Be true to yourself! And theses are the words of a former slave. I prefer to be true to myself, even at the hazard of incurring the ridicule of others, rather than to be false, and to incur my own abhorrence.
Frederick Douglass with his second wife Helen Pitts Douglass (sitting). The woman standing is her sister Eva Pitts. [Douglass' first wife, Anna Murray Douglass, died on August After a year of depression, Douglass married Helen on January
Frederick Douglass was an African-American social reformer, orator, writer and statesman. After escaping from slavery, he became a leader of the abolitionist movement, gaining note for his dazzling oratory and incisive antislavery writing.
Students examine the Autobiography of Frederick Douglass to discover how his skilled use of language painted a realistic portrait of slavery and removed some common misconceptions about slaves and their situation.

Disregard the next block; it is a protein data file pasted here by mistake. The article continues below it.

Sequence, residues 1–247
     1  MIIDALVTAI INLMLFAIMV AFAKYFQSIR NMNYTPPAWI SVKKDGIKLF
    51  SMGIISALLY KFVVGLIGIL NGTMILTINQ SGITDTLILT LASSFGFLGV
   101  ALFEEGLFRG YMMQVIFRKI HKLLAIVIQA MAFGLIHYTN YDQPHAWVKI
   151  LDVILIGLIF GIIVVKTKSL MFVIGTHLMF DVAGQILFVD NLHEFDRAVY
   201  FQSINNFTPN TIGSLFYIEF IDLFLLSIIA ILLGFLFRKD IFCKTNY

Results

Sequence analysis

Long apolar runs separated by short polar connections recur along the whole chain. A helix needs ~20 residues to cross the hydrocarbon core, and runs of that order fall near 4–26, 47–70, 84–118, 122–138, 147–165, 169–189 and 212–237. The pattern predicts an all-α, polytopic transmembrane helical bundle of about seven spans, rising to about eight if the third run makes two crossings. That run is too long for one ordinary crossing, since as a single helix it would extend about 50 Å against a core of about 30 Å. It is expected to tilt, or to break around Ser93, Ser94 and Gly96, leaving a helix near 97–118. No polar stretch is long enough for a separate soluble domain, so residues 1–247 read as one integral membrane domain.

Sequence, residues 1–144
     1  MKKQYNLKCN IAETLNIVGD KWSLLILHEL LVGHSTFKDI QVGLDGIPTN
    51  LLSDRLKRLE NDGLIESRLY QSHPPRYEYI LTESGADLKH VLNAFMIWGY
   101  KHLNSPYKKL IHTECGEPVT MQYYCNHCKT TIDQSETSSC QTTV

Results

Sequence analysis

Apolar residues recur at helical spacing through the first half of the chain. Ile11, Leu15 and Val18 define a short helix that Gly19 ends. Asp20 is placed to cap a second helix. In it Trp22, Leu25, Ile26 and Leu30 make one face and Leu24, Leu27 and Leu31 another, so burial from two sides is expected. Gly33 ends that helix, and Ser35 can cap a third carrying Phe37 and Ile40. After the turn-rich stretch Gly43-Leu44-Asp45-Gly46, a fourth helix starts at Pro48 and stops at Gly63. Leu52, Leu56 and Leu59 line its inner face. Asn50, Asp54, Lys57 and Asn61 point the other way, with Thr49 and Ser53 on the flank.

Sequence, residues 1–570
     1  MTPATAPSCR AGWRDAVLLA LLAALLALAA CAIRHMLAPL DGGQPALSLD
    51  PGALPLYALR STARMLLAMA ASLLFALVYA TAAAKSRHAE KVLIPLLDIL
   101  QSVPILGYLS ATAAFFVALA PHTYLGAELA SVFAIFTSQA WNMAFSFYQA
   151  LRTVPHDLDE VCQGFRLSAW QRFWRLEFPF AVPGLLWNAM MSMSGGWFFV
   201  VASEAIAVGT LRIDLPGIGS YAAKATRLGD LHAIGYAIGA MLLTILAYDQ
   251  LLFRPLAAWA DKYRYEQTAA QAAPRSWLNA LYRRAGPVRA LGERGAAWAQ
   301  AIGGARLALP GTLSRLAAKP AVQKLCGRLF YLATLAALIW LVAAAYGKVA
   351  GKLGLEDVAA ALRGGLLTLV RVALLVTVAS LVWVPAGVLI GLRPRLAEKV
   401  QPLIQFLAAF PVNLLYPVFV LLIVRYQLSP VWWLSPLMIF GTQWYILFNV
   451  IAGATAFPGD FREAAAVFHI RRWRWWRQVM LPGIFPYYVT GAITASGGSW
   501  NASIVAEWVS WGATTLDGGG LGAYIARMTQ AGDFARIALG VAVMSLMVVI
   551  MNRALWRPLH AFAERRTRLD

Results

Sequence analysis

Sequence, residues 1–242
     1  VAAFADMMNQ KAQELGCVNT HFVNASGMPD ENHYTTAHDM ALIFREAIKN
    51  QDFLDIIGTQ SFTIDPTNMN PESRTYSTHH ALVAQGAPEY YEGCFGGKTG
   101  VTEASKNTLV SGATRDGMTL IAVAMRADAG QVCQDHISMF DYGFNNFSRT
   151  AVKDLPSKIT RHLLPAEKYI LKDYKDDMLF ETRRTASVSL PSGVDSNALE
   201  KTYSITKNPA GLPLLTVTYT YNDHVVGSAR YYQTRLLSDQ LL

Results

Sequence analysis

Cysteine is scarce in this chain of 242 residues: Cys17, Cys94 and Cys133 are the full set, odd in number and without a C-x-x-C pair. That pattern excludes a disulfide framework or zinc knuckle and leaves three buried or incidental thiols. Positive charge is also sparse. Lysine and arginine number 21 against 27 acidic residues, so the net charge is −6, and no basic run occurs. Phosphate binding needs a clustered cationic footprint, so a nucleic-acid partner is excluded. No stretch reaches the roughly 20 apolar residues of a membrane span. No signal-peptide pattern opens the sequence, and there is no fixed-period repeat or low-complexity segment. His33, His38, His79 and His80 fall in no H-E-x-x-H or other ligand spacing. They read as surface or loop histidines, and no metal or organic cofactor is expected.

Things you didn't know about Frederick Douglass: • Douglass worked with both Republicans and Democrats on behalf of black voting rights • He saw a kinship in Haiti's history as a former slave colony and that of blacks in America • He was an outspoken supporter of the women's suffrage movement • His statue is the first to represent Washingon D.C.
This FUN unit covers the Famous American Frederick Douglass. Topics included about Frederick Douglass: life growing up as a slave and moving from one slave owner to another, learning to read, becoming an international speaker, abolitionist, writing an autobiography, meeting with Lincoln during Civil War, his death, and foldables to cover important vocabulary and character traits.
Facing Frederick: The Life of Frederick Douglass, a Monumental American Man By: Tonya Bolden